Quinn Shephard: It was so much fun on set. Honestly. Zoey and Dylan had just done a movie together so they came in having a blast doing so much comedy improv. We were crying with laughter on set. Mia Isaac, who plays Rowan, is just phenomenal. This was only her second film and she was 17. It was just an honor getting to see her blossoming at the beginning of her career. She was amazing and honestly carried a lot of the heaviest scenes in the film. Nadia Alexander, who is also my fiancé and was the lead of Blame, which is how we met—I wrote the role that she played in the film for her with her in mind. I think she’s great as Danni’s very skeptical coworker who does not take any shit from her. Around them we just had the most incredible supporting cast. There’s so many people I had been fans of before the movie. I think Karan Soni is someone who comes to mind who I just adored and dreamed of working with and so the fact that he wanted to do it, I was fangirling my first day on set with him. But yeah, it was a blast and it was just everyone was so kind and collaborative and we had a really good time shooting.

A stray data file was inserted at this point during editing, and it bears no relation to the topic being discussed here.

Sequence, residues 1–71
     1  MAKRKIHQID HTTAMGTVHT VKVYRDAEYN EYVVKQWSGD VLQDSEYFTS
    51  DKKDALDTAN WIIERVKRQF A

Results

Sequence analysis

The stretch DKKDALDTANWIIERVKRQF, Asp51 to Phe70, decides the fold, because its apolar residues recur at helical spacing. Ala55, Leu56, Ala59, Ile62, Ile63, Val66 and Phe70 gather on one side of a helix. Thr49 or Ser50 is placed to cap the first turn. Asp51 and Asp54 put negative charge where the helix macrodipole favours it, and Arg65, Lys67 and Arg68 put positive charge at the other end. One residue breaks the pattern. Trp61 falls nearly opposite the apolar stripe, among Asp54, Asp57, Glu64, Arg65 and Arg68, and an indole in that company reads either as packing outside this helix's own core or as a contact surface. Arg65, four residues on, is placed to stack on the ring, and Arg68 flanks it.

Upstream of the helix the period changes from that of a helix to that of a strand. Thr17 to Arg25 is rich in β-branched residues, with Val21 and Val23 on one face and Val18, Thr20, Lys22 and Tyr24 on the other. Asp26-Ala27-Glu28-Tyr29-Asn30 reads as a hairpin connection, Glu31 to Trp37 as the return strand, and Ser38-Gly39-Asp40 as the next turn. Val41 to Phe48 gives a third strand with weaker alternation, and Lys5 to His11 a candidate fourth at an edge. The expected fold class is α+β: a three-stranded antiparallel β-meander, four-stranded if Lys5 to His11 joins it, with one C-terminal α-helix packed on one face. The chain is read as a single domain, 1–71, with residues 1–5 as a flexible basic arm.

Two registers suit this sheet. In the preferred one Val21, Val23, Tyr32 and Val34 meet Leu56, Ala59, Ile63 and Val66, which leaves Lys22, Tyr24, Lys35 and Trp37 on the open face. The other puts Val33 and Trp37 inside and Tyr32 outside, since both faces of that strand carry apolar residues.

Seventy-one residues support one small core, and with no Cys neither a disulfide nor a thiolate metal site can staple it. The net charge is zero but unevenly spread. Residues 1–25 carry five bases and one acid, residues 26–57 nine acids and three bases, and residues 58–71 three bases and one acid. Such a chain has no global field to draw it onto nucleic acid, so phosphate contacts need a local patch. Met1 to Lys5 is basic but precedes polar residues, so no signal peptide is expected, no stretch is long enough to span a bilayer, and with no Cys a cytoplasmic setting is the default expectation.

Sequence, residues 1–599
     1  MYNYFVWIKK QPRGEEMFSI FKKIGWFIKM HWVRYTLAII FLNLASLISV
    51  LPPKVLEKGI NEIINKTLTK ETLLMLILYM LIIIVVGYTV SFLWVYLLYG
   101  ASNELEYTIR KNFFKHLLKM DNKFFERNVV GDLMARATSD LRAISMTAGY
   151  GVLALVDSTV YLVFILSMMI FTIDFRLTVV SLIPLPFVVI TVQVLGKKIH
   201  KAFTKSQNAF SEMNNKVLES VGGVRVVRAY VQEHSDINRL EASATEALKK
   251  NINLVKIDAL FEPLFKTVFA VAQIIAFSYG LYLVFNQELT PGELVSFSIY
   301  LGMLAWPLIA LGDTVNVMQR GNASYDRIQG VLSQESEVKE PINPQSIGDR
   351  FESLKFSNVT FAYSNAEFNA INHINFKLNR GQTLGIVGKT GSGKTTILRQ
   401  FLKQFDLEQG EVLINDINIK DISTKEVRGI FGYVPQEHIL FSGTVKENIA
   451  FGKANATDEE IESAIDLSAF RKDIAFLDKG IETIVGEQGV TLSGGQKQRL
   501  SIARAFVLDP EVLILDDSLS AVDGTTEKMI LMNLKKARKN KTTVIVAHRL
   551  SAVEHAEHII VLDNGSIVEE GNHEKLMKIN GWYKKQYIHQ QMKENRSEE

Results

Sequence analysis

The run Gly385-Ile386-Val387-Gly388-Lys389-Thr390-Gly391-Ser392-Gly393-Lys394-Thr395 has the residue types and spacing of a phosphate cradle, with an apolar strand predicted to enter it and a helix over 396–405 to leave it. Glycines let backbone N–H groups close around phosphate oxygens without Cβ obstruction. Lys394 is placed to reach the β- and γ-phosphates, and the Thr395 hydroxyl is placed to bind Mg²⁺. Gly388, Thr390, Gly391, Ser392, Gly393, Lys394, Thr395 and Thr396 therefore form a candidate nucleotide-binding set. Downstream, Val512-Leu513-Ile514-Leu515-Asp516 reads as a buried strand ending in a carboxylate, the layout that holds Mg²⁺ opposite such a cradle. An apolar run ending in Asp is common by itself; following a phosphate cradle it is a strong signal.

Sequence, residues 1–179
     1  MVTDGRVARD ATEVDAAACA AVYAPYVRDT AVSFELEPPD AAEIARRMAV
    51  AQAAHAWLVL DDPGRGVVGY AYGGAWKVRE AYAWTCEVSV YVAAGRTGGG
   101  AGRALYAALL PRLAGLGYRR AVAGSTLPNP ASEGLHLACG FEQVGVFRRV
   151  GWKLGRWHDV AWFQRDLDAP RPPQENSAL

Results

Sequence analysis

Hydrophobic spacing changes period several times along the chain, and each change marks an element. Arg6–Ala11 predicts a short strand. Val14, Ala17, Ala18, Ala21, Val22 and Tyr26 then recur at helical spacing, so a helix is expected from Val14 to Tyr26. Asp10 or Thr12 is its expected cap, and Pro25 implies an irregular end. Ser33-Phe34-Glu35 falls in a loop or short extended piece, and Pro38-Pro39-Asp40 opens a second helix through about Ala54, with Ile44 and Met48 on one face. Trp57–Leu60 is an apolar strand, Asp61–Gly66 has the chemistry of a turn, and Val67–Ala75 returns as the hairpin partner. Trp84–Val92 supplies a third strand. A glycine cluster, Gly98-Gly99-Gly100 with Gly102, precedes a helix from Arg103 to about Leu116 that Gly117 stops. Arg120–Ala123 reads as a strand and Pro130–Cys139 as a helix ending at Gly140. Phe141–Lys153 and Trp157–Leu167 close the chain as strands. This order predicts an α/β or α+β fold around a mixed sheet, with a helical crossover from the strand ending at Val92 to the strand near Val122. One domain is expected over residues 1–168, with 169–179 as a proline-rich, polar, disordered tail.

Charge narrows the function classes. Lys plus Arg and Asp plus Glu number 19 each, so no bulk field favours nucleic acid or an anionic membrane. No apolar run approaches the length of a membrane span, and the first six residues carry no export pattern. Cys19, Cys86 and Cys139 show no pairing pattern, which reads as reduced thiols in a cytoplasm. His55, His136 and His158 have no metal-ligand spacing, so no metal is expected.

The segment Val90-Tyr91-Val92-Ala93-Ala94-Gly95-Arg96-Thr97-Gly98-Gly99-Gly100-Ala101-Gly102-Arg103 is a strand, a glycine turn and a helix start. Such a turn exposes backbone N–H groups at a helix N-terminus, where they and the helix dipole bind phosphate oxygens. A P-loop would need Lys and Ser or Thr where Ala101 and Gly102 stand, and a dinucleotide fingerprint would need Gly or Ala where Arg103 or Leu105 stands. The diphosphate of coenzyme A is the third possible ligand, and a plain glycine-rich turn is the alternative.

Pandemic aside, what was the most challenging aspect of the production?

Quinn Shephard: Honestly, I think New York in the summer is its own challenge. New York in 100 degree weather, in cars, and also, exclusively not air-conditioned locations. For some reason, the locations that I picked on scouts, I just didn’t notice they didn’t have AC. Not a single place we shot had air conditioning. It became almost a running joke like I was sabotaging the cast by always (Laughs) picking these locations so we were very sweaty all the time. That and traffic in New York. When we were shooting the car scene, we were stuck in traffic. There was heat lightning all the time because of the heat. New York in the summer was the challenge.

I can imagine that the lighting on set does not help with the lack of AC.

Quinn Shephard: Oh my G-d. Yeah, no, it was warm. It was warm. I think I have a photo on my phone of Zoey hugging those tubes where they pipe in air conditioning, just like a spread eagle in front of it.